Laying More Astroturf In the Net Neutrality Debate
from the carpet-the-world dept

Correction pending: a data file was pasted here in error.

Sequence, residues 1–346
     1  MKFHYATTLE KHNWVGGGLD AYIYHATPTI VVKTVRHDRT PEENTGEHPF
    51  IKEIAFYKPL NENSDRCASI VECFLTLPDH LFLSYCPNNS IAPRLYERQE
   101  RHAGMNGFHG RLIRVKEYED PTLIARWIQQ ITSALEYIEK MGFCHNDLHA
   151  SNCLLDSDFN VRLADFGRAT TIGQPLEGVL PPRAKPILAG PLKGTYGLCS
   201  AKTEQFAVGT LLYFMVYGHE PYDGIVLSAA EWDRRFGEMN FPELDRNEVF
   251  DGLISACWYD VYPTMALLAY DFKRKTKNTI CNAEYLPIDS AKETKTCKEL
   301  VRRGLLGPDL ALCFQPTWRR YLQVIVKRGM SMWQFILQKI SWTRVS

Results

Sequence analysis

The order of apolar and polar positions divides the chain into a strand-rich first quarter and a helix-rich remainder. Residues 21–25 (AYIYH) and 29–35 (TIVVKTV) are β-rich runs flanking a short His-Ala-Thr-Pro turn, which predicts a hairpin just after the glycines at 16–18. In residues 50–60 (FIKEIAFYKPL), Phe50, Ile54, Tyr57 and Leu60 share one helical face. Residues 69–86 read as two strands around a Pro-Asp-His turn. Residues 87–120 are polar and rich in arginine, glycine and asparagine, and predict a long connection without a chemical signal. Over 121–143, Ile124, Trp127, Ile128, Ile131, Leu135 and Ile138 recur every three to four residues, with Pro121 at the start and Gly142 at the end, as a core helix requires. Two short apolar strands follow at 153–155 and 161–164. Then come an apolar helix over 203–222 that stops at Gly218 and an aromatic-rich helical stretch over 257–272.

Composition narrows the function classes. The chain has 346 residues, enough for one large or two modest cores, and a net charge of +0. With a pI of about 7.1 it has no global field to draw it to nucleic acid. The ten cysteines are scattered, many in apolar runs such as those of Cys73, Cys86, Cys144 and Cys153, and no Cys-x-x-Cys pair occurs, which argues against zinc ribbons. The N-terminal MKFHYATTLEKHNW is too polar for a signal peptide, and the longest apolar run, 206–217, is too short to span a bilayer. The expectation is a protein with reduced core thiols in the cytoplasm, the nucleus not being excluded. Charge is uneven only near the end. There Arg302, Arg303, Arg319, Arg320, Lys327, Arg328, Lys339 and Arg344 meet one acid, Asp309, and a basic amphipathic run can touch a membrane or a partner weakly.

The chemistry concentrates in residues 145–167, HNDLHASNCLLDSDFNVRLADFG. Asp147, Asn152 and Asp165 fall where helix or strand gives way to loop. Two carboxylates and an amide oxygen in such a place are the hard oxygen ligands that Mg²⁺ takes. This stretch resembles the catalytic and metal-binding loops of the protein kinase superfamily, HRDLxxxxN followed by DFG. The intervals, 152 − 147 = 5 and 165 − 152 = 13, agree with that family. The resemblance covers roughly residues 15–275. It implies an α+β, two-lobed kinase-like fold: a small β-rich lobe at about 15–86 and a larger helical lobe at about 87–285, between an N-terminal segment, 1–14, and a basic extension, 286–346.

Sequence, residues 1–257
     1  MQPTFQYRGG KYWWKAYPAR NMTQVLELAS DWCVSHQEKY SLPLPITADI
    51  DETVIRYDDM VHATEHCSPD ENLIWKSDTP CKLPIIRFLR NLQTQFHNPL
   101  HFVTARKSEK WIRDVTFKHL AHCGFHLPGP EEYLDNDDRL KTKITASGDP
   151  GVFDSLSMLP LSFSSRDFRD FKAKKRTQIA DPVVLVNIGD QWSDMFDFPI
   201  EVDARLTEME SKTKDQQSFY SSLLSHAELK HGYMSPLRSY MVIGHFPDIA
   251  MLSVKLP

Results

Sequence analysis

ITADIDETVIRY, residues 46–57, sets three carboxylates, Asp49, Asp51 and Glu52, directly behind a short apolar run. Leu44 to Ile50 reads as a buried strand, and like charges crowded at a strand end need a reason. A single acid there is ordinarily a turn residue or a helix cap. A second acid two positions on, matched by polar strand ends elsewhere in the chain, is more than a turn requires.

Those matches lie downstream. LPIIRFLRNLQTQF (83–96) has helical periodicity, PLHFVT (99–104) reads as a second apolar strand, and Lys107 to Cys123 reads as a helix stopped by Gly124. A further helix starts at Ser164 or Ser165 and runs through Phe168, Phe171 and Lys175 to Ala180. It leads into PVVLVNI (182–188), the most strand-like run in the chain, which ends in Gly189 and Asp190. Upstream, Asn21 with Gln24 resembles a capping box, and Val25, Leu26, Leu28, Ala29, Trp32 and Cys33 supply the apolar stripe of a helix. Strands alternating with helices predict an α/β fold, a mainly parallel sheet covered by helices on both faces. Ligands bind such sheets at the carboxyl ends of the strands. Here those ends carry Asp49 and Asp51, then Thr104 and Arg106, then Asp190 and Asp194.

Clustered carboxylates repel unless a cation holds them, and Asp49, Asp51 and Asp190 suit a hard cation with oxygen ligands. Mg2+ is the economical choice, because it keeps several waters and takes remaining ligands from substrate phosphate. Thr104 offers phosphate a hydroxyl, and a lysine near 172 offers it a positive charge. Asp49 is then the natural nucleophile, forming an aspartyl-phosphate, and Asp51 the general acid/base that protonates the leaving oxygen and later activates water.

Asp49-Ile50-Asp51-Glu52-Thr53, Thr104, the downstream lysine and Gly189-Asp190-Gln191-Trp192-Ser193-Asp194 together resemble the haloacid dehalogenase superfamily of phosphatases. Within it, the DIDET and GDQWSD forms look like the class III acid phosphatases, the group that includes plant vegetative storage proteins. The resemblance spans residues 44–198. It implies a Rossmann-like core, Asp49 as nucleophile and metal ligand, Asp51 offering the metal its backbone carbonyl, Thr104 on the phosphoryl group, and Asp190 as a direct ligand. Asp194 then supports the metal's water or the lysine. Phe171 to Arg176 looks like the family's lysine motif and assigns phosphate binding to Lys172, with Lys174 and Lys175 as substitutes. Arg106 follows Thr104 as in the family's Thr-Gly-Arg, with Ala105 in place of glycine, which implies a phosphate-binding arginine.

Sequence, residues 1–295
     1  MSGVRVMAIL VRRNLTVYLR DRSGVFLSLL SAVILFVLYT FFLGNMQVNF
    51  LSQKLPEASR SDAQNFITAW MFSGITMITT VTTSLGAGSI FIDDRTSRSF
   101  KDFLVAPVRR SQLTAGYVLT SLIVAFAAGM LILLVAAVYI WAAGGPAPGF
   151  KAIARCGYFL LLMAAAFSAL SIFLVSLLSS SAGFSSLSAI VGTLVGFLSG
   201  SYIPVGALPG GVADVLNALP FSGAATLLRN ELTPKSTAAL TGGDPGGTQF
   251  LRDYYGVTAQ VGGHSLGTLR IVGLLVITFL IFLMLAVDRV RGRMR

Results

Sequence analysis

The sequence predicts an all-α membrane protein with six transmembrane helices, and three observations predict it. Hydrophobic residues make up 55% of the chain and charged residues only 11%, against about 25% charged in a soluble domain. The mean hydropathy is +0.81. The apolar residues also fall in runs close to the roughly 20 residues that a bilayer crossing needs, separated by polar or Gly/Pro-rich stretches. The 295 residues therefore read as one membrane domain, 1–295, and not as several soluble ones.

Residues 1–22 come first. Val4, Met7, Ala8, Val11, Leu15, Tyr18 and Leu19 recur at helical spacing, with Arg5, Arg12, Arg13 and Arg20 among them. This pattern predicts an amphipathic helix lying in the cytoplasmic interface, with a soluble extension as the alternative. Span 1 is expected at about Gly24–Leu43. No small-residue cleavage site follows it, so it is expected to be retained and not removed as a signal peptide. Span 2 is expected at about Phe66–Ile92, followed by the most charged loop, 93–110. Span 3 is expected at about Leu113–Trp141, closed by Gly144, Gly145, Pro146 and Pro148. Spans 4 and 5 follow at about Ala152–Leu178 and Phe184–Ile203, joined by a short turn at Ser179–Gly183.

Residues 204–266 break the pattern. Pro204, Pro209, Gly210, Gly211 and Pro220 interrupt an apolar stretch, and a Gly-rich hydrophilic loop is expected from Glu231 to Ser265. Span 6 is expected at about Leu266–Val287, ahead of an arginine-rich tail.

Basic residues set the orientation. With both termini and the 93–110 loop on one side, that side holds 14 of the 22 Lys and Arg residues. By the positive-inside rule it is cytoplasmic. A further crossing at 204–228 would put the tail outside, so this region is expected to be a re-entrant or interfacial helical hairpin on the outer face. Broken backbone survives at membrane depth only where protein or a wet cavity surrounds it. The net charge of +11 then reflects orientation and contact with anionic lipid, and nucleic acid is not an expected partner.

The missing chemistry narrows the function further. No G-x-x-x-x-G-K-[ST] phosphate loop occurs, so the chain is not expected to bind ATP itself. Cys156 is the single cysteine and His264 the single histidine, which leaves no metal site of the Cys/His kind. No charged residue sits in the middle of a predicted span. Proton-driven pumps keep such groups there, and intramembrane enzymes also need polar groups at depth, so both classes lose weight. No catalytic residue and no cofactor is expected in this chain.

Another astroturfing group has popped up in the net neutrality debate, backed by an amalgamation of telcos, political groups and network equipment vendors, and looking to frame the issue as one of unwanted government interference in the internet. Nothing notable there, but the animated movie the group has made is a real piece of work. The movie's hand-drawn look hides the fact that this production is paid for by a number of huge, interested parties in the telecom industry, and it goes on to make some fairly dishonest claims. First is the contention that consumers now have "more choice" when it comes to high-speed internet access, implying that there's healthy competition in the marketplace when all that really exists is a healthy duopoly. The group then hauls out the tired idea that content companies are looking for a free ride, saying that they don't want to pay "anything", and leave consumers to pay the whole bill -- a ridiculous contention. The movie implies that some part of the connection between content providers and consumers isn't being paid for, a common -- and absolutely untrue -- piece of telco propaganda. Also, if consumers are left to pay "the whole bill", as the movie says, should carriers' plans to extort content providers be unsuccessful, can consumers expect to see their bills drop if they do start extorting them? We didn't think so. The group also engages in some crafty semantics, saying that the only examples neutrality supporters can point to of ISPs blocking "web sites" are from Canada, which conveniently omits the multiple examples of American ISPs blocking VoIP, streaming media and other services, as well as ignores comments from ISPs who think they should be able to block any competing services they wish on their networks. The biggest problem, though, is in the conclusion of the movie, which says the issue of net neutrality comes down to who will control the internet -- the people, or the government. This is pretty laughable, since should telcos and carriers be allowed to discriminate against content providers that won't pay protection money, they'll be the ones controlling the internet -- certainly not "the people".